Do you want to know what an RTD temperature sensor is, how it works and how to test it? Then you are in the right spot, we have answered all those questions and many more for you.
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What is an RTD temperature sensor?
An RTD stands for “Resistance Temperature Detector” and it is a sensor whose resistance changes when its temperature changes and it is used to measure temperature. The RTD’s resistance increases linearly when the temperature increases. Many RTDs are called wire wound. They consist of fine wire wrapped around a glass or ceramic core. The wire is made of platinum. Another interesting thing is that the RTD elements are normally housed in a protective probe to protect them from the environment they are immersed in and to make them more robust.
Inexpensive RTDs are called thin film RTDs. They consist of a base ceramic with a fine Platinum track deposited on it.
How does a resistance thermometer work?
As we mentioned an RTD comprises of resistance element and insulated Platinum wires. Sometimes RTDs can have three or even four wires to increase accuracy allowing connection lead resistance errors to be eliminated. The resistance element is made of platinum because it is very long-term stable and it has a linear relationship between temperature and resistance, has a wide temperature range and it has a chemical inertness.
In terms of how it works, the RTD follows a basic principle. When the temperature of a metal increases, the resistance to the flow of electricity increases as well. An electrical current is passed through the sensor, the resistance element is used to measure the resistance of the current being passed through it. As the temperature of the resistance element increases the electrical resistance also increases.
The electrical resistance is measured in Ohms. The resistance value can then be converted into temperature based on the characteristics of the element. Usually, the response time for an RTD is between 0.5 and 5 seconds. This makes them very suitable for many applications.
How to test RTD temperature sensor?
To test your RTD sensor set your multimeter to a resistance mode. After that, check the readings across the terminals of the RTD. At room temperature (around 20°C) the reading should be around 110 ohms. Keep in mind that the reading value may be different, which depends on the room temperature.
Finally, place the RTD temperature sensor in ice water. Then, after a couple of minutes check the readings again. Now, you should get a lower number than the room temperature reading. That number should be around 100 ohms.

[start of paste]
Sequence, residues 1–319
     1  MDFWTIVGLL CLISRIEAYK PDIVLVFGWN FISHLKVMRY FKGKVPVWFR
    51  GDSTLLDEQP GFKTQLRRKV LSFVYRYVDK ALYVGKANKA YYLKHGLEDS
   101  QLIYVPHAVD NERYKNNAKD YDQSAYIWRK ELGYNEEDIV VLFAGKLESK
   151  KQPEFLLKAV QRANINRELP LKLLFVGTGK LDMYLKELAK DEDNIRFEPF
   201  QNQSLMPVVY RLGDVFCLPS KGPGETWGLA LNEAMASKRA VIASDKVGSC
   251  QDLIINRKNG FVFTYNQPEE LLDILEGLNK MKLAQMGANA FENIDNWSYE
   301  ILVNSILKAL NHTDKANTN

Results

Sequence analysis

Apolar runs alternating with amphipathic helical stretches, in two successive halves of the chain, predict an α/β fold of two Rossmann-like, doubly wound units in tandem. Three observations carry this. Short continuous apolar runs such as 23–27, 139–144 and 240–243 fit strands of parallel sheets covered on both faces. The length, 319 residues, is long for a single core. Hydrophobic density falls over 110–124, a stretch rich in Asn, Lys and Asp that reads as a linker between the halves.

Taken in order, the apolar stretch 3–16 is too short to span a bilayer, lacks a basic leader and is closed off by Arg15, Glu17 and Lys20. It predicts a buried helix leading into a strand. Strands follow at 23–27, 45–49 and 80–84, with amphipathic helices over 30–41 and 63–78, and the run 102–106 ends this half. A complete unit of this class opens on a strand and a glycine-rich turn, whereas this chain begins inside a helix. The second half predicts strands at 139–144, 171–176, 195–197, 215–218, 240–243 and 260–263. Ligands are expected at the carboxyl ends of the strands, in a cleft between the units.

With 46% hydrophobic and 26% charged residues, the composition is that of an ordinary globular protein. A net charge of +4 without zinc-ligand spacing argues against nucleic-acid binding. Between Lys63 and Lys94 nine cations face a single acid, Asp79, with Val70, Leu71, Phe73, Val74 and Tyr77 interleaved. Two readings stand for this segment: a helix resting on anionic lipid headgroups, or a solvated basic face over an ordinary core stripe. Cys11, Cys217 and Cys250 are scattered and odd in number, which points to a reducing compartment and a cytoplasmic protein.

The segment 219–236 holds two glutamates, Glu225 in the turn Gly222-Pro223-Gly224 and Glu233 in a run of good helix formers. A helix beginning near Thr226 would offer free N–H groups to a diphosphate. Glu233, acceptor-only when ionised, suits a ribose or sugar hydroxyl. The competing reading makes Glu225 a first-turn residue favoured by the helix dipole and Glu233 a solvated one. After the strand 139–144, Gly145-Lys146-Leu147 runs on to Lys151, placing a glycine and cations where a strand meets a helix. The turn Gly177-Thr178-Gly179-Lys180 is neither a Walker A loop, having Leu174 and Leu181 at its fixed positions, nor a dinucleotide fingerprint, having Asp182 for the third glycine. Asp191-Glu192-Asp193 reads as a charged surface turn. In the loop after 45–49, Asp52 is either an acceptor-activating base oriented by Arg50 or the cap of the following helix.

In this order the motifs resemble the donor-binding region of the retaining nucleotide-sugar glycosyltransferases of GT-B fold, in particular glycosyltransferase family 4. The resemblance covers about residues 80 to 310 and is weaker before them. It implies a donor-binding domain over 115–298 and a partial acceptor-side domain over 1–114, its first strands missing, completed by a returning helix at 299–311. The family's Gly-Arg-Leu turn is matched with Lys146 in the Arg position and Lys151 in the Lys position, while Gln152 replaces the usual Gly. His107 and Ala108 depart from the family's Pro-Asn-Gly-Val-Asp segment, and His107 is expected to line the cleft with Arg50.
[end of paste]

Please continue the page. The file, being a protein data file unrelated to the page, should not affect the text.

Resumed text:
What is the difference between RTD and thermocouple?
There are a number of differences between thermocouples and RTD sensors. Below we have outlined the main ones.
- Thermocouples are usually smaller than RTDs, making them easier to use.
- Thermocouples offer a wider range of operation than RTDs (-200 to 2000°C), compared to -200 to 600° C. This means that thermocouples are suitable for more applications.
- Thermocouples offer a response time between 0.1 and 10s which is faster than the response time of RTD sensors.
- RTDs can self-heat while this issue is negligible with the thermocouples.
- Thermocouples are more sensitive than RTD temperature sensors. This is so because these react faster than RTDs with the variation in temperature.
- For thermocouples, the graph between resistance and temperature is not linear, while the one of RTDs is.
Why does an RTD have 3 wires?
As we mentioned earlier, most RTDs have two wires, however, others are made with three. This type of construction is used mostly in industrial applications where the third wire provides a method for removing the lead wire resistance from the sensor measurement.
Does an RTD need a power supply?
Resistance Temperature Detectors do require a power source to operate.
Why platinum is used in RTD?
As we mentioned earlier in the article, platinum is used in RTD sensors due to its stability and it provides repeatable and measurable results and has a broad temperature range. Moreover, platinum provides very low fluctuations in temperature readings, resulting in overall precision and stability of temperature measurement.
An RTD stands for “Resistance Temperature Detector” and it is a sensor which is used to measure temperature. It works following a basic principle of when the temperature of a metal increases, the resistance to the flow of electricity increases as well. An electrical current is passed through the sensor, the resistance element is used to measure the resistance of the current being passed through it. As the temperature of the resistance element increases the electrical resistance also increases.
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